I end up modifying the original schematic design which improved some of the
    problems of customers bypassing the coin box for a free copy.

    The supermarket machines are gone thank god for that.....

    What if we could count the stars... , what number would you stop at...?"
    [Exchange manual acquisitions, PM's CTN members only. ]
    [] |N | | o | M | Δ | t | π | | x | []

  4. #4
    Trusted Tech 50+ Posts
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    Re: Self serve customer walk up environments for copying/printing

    Had the same issues with a large grocery chain also poor location and abuse. One Monday morning had 6 of them call in with coin-op problems. When I got to the first one coin changer was wet and had shorted board. When I got to second one same issue they were also working on the soda machine coin changer talked to them and they had also been having issue for about a week on coin changers. Seems as if someone was taking a syringe with water and squirting into the coin area apparently some vending machine would empty the change into the coin return. None of the copiers had emptied the change but all 6 had to have the board replaced.

    The copiers had a counter for the vend and also counter for copies made with bypass key the vend copies were 10 cents cant remember the exact amount but think we got 6 cents and customer got 4 cents for vend copies bypass was about 3 cents charge to store. Ideal was store would use bypass for their copies and make enough money from vend to pay for bypass copies. One store didn't understand this process and had huge monthly bill they had made over 4 times the copies on bypass as vend. After some research and a confession by store employee they had been using bypass to make copies for friends and also for a local business.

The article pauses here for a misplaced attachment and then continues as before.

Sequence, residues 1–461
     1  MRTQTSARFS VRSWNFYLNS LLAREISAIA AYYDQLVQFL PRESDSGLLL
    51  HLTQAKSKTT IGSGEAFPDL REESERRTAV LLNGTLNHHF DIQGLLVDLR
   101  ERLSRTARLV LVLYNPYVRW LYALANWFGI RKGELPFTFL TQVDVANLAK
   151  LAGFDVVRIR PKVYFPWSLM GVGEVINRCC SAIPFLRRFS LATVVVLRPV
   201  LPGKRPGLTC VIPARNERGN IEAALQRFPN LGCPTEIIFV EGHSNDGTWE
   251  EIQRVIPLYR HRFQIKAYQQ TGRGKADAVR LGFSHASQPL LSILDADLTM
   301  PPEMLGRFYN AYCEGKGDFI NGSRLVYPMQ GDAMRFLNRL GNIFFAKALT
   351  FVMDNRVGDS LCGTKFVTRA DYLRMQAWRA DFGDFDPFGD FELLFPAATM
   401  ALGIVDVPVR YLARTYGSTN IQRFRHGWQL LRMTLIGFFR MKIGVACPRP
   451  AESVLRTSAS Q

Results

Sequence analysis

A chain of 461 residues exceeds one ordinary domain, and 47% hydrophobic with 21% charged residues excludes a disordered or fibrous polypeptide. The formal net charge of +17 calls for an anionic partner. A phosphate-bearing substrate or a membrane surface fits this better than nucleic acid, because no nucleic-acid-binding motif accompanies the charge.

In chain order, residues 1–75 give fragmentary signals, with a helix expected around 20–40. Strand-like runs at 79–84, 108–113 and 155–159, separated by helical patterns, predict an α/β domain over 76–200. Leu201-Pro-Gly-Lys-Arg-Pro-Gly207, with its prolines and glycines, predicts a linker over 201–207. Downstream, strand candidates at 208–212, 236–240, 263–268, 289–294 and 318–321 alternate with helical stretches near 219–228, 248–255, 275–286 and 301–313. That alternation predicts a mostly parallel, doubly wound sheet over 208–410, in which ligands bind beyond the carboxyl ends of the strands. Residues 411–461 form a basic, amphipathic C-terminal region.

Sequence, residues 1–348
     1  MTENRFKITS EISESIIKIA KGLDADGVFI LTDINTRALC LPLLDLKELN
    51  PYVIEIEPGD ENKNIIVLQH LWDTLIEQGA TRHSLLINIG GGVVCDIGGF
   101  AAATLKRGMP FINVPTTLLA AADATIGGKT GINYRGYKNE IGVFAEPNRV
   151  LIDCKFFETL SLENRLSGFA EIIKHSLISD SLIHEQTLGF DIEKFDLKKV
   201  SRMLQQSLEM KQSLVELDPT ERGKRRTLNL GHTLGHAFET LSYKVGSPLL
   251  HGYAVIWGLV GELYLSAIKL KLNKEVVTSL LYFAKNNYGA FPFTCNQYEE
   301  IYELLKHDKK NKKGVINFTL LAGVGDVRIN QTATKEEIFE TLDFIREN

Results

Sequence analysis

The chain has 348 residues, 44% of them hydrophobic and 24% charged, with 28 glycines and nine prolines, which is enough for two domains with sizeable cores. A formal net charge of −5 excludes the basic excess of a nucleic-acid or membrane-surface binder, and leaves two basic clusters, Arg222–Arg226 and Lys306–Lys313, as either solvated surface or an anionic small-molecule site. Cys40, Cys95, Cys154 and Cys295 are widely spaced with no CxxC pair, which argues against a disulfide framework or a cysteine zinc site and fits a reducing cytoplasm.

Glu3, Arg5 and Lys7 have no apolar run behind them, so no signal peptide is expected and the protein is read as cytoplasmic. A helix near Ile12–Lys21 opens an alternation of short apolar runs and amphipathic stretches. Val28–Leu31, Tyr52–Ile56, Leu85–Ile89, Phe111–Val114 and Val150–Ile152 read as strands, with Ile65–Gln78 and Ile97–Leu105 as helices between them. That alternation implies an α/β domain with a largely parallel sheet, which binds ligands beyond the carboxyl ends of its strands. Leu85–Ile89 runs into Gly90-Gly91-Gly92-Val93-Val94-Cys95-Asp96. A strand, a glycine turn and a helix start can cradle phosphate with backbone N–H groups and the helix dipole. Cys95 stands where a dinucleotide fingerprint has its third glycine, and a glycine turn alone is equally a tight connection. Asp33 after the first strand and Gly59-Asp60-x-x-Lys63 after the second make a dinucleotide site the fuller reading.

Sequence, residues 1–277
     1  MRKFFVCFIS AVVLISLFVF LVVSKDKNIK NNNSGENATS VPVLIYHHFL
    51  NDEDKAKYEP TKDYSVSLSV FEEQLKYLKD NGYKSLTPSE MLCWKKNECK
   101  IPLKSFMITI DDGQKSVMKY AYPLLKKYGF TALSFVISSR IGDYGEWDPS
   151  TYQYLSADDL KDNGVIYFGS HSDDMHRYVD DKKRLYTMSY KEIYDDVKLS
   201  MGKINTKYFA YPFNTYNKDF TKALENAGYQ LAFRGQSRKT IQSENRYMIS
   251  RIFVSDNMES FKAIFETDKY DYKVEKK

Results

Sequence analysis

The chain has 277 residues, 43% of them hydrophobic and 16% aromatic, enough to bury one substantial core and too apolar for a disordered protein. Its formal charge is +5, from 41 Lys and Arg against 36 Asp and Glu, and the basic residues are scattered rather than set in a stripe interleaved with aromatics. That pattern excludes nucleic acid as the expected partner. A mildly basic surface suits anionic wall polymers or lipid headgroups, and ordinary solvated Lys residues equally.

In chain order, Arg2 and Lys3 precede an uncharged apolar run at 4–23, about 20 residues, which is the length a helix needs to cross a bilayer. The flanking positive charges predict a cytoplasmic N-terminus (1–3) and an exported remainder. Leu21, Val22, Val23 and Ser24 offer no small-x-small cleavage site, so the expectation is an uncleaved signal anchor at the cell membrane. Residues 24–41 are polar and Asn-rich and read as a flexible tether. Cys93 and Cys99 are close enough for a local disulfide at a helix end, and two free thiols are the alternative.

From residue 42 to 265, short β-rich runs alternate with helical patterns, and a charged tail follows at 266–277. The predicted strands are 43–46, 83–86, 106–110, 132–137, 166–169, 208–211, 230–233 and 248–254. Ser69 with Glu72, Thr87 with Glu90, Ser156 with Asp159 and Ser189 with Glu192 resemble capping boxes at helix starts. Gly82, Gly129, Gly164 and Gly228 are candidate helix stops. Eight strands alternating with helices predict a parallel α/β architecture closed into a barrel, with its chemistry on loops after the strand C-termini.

5. #5
    Just a fellow wanderer 2,500+ Posts Iowatech's Avatar
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    Re: Self serve customer walk up environments for copying/printing

    Libraries in small towns aren't that bad (if they take some ownership of the machine at least), but like everyone so far said, grocery stores are troublesome even out here on the periphery (coin box jams, overflows and disconnections, anyone?). I suppose that's why most of the time I see copiers there any more they are small and disposable.
    I could see perhaps running your own specialty shop, although you'd need someone there to supervise the people who have no business running such a machine. I'd think you'd want small and disposable machines in the public area at first, until you get a handle on who your customers were mostly going to be at least.


  6. #6
    Service Manager 1,000+ Posts
    Self serve customer walk up environments for copying/printing


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    Re: Self serve customer walk up environments for copying/printing

    I get your idea. You're in the document business why not open your doors as a full service copy center.

    Maybe find a local Kinkos manager and buy him a beer, get a general idea of what kind of numbers you're talking about.

    But remember Kinkos also runs FedEx and they sell a ton of office crap as well not sure how much actual copying business they still do.

    You might also be seen as a true print center. Wedding invites, business cards, full color flyers, posters. Some of that equipment is a way beyond your basic copier.